Oh, be quiet. So, so many voices right now are talking about a Supreme Court vacancy and whether it will be filled by a liberal or a conservative, a secular personality or a religious believer, a Democrat or a Republican, and all of that is beside the point.
The issue is judicial philosophy, whether the nominee thinks the job is about interpreting the actual words of the Constitution correctly or someone who thinks it is maybe about making some reference to the Constitution but chiefly applying his or her own notions of what the actual principle should be, his or her compassion, his or her moral and societal aspirations, his or her politics. No, we do not want moral cynics making these decisions, but what’s wrong is to resort to self instead of what is spelled out on paper.
Focusing on a reasonable evaluation of the literal intent of the document, what the words mean, what history tells us about arguments of that moment, is called rule of law. Different interpretations are plausible, there are precedents to consider and each case before the court is likely to have its own peculiarities. But the objective should be to understand what the Constitution actually says and to apply it rationally to the case, putting aside one’s own predispositions. The opposite of this is generally to turn to ideology or self-importance, and what you then get is not a court, but an oligarchy.
Obviously, there are nuances in all of this, but it is Congress and state legislatures that are supposed to write the laws, not the court, which should aim at seeing whether they adhere to the Constitution. It is also all kinds of other officials who make all kinds of decisions that the court may also check out through what the Constitution or other laws actually say. When the court steps in without serious reference to the law, there goes the separation of powers, there goes the republic, there goes the consent of the people. Authoritarianism scoots closer.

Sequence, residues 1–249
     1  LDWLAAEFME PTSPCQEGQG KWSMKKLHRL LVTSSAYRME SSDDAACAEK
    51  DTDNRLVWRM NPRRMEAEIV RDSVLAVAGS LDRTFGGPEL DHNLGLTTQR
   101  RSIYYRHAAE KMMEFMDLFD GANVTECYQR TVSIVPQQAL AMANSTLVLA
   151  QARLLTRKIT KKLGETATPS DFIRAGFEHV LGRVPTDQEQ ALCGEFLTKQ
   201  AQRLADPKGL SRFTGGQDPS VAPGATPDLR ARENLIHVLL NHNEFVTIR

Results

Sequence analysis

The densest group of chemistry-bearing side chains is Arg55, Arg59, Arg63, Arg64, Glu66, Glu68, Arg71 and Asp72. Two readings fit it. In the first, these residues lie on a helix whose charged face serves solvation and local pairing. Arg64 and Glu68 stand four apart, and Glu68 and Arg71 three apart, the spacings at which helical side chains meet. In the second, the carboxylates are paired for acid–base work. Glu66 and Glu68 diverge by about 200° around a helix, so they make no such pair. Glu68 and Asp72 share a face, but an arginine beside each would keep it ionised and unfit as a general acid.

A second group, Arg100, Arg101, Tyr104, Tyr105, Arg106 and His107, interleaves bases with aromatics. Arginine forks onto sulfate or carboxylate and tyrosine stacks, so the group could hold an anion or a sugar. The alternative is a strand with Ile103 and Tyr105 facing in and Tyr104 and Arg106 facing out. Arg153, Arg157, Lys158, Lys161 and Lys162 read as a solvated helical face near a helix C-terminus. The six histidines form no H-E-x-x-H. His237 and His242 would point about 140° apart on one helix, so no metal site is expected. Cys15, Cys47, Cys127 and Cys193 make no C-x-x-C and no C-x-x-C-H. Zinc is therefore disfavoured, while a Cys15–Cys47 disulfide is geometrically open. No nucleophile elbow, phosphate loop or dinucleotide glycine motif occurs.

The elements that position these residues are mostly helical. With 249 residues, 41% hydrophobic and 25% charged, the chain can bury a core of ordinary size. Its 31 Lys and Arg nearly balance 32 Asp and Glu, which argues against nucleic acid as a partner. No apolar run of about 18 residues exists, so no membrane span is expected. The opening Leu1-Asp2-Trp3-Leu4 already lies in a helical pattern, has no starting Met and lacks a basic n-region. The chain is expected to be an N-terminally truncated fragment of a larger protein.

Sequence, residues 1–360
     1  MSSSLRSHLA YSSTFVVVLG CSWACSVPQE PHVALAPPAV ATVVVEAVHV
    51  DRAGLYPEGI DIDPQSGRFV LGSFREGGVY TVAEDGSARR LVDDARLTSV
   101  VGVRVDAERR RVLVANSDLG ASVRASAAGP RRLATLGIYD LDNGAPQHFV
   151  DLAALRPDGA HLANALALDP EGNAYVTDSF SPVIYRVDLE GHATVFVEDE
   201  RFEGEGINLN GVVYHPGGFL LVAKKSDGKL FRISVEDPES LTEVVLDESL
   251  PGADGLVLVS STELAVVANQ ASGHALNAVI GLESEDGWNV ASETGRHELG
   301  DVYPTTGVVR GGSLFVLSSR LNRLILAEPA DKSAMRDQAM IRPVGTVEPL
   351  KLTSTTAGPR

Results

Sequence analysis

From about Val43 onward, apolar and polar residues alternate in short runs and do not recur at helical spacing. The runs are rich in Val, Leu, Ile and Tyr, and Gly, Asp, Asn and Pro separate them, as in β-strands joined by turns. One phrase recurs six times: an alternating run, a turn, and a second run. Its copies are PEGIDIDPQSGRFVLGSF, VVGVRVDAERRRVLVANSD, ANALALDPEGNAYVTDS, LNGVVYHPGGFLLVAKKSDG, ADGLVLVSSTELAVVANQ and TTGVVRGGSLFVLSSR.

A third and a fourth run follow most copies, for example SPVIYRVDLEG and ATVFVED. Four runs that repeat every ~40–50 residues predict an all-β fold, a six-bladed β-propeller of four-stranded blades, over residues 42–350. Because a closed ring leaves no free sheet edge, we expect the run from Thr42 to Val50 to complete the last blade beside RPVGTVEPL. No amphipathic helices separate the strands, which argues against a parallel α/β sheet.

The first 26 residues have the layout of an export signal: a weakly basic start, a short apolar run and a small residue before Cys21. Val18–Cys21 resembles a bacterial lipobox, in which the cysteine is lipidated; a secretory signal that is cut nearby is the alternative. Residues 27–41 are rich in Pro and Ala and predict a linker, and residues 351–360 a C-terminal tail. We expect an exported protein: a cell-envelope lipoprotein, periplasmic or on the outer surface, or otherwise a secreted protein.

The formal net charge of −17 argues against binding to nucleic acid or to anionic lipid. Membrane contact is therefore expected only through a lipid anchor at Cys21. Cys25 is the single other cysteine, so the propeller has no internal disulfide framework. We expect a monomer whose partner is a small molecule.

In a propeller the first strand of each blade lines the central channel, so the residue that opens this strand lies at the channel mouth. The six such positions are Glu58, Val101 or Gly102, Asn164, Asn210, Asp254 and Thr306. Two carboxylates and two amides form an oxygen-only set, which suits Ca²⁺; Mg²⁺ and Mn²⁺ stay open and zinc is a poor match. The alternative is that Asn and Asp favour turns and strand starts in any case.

You hear all kinds of counterarguments backing up decades of transgressions, such as the need to have a living Constitution that adjusts to the times for the sake of vitality. Excuse me, but there is an amendment process, and yes, it is as tough a process as it should be in so crucial an undertaking. To skip it for the sake of personal convictions is akin to disregarding presidential vetoes or the Senate’s advice-and-consent checks on presidential appointees. It is anarchy substituting for responsibility.
Liberals and Democrats can be constitutionalists and conservatives, and Republicans can be the tear-it-up people, but, for the most part, the opposite is true. President Donald Trump has named two men with constitutionalist records to the court and right now, with a sad death and an unexpected vacancy, is pushing for quick, pre-inauguration Senate action validating his new pick. The Democratic pushback is that we may soon have a different president representing the will of the people and should wait for him. The Democrats also point to the hypocrisy of the Republican Senate holding off on an Obama pick because of a presidential election coming up.
The truth is that both sides have indulged in hypocritical chicanery in this business and that the integrity of the Democrats is summed up by their libelous treatment of justice nominee Brett Kavanaugh and their present talk of packing the Supreme Court if they do not get their way. While waiting until after the inauguration would definitely enable a more temperate process, the law in no way prohibits action in the here and now, and relying on lawmakers already chosen for such things might well be a way to help save the court.